LXD manually set IP for instance over a bridged network

I have created a simple network bridge on Ubuntu 20.04 using Netplan with the following configuration:

network:
 version: 2
 renderer: networkd
 ethernets:
   enp0s31f6:
     dhcp4: false
 bridges:
   br0:
     interfaces: [enp0s31f6]
     dhcp4: false
     addresses: [192.168.1.11/24]
     gateway4: 192.168.1.1
     nameservers:
       addresses: [1.1.1.1,8.8.8.8]

I then launch and attach the bridge as a device to a container, giving it a LAN IP:

$ lxc launch ubuntu:20.04 ubc1
$ lxc list
+------+---------+---------------------+-----------------------------------------------+-----------+-----------+
| NAME |  STATE  |        IPV4         |                     IPV6                      |   TYPE    | SNAPSHOTS |
+------+---------+---------------------+-----------------------------------------------+-----------+-----------+
| ubc1 | RUNNING | 10.14.76.225 (eth0) | fd42:5d8b:fede:b425:216:3eff:fe59:477d (eth0) | CONTAINER | 0         |
+------+---------+---------------------+-----------------------------------------------+-----------+-----------+

$ lxc config device add ubc1 eth0 nic nictype=bridged parent=br0
$ lxc list
+------+---------+---------------------+------+-----------+-----------+
| NAME |  STATE  |        IPV4         | IPV6 |   TYPE    | SNAPSHOTS |
+------+---------+---------------------+------+-----------+-----------+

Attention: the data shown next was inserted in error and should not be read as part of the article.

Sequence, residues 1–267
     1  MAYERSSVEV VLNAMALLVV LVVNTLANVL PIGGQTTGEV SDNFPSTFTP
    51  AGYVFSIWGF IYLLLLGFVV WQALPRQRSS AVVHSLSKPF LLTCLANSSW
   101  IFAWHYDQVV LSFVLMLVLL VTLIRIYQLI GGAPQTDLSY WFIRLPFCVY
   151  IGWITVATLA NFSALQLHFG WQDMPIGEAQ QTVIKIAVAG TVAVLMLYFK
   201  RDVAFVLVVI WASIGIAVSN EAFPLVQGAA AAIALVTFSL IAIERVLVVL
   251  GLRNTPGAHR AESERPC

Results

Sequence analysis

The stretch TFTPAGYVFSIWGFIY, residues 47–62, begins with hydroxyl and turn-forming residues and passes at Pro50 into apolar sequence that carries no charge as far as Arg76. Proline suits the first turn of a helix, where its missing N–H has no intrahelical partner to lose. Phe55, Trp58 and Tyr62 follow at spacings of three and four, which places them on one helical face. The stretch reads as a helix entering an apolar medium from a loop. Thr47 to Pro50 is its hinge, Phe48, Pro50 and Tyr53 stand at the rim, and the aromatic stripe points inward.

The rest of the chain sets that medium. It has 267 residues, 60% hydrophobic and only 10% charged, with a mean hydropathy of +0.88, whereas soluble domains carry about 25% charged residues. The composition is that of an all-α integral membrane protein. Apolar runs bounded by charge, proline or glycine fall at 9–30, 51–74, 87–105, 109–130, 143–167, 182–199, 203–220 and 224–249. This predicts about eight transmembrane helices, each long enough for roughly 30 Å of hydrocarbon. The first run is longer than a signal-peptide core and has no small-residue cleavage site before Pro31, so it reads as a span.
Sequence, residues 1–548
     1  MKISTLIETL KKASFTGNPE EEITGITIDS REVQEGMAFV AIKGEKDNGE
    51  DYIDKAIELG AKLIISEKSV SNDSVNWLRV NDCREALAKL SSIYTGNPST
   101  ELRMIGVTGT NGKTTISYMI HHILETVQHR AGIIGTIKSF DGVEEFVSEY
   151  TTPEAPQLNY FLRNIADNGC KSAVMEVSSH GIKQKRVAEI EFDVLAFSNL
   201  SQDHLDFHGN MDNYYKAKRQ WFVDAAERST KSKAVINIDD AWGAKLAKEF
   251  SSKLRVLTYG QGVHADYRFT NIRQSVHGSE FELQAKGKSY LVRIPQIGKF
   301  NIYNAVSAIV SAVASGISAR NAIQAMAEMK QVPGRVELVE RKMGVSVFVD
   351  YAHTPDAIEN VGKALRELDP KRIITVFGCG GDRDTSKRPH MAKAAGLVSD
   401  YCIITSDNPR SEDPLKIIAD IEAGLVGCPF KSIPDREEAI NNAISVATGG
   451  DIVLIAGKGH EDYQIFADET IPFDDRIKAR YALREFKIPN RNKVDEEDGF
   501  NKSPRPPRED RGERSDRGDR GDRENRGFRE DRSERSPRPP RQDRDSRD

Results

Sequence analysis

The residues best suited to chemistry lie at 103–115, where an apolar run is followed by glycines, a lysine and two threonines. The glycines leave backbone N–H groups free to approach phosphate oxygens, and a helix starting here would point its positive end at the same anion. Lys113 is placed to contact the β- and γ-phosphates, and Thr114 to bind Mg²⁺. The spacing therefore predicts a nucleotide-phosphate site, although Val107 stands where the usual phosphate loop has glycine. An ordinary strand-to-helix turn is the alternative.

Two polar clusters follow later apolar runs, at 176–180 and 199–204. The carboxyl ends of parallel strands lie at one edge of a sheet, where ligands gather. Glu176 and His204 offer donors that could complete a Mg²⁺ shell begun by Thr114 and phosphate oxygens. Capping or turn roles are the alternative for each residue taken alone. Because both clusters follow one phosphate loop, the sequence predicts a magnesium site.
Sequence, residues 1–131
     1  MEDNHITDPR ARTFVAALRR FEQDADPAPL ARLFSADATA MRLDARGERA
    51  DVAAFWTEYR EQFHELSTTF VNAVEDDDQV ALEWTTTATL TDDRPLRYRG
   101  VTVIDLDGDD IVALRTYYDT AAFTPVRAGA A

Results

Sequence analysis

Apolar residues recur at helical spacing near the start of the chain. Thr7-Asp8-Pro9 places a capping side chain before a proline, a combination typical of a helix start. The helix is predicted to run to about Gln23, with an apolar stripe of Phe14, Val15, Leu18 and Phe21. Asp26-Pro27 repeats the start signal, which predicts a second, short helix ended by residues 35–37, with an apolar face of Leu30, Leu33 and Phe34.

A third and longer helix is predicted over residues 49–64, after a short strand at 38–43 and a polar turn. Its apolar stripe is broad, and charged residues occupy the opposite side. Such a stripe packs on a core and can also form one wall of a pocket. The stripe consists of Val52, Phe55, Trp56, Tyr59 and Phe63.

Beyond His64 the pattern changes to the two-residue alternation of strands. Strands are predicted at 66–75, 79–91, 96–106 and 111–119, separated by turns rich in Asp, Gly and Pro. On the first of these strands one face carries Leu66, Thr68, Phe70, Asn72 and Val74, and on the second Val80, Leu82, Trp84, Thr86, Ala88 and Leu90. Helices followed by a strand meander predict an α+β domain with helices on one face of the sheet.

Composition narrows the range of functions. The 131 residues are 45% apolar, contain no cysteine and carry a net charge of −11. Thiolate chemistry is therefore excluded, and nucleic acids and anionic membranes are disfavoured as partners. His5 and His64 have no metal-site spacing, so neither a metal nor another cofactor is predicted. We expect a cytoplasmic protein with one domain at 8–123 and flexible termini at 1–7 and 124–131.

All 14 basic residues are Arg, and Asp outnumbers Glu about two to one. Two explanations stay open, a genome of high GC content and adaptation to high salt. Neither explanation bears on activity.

| ubc1 | RUNNING | 192.168.1.14 (eth0) |      | CONTAINER | 0         |
+------+---------+---------------------+------+-----------+-----------+

After this initial setup I would like to give my ubc1 container a new IP, say for example 192.168.1.18, how would I go about doing this?

I have tried setting the IPV4 address on the device and restarting the container without much luck:

$ lxc config device set ubc1 eth0 ipv4.address 192.168.1.18
$ lxc restart ubc1
$ lxc list
+------+---------+---------------------+------+-----------+-----------+
| NAME |  STATE  |        IPV4         | IPV6 |   TYPE    | SNAPSHOTS |
+------+---------+---------------------+------+-----------+-----------+
| ubc1 | RUNNING | 192.168.1.14 (eth0) |      | CONTAINER | 0         |
+------+---------+---------------------+------+-----------+-----------+

All help would be appreciated.

Hi @yang,
Could you try like that? The following command change the ip address of the ubc1 container.

lxc config device override ubc1 eth0 ipv4.address=192.168.1.18

Or, you can remove the eth0 device first and add the eth0 device like this,

lxc config device add ubc1 eth0 nic nictype=bridged parent=br0 ipv4.address=<ip_addr>

Regards.

HI @cemzafer thank you for your answer, I have tried as suggested but the IP address remains the same, could it have anything to do with my local DHCP server?

In LXD you can have managed and unmanaged networks. If the network is unmanaged, it just means that LXD does not manage it. Hence, LXD would not know information about the IP address, etc.
You have a case of unmanaged network (br0), in addition to a managed network (lxdbr0).

You can view what LXD considers as managed and unmanaged, if you run lxc network list.

About bridged networking, also see https://blog.simos.info/how-to-make-your-lxd-containers-get-ip-addresses-from-your-lan-using-a-bridge/ In your case, you already created the bridge. You then need to setup some LXD profile that can attach the bridge to a container. Or use the instruction shown above by @cemzafer.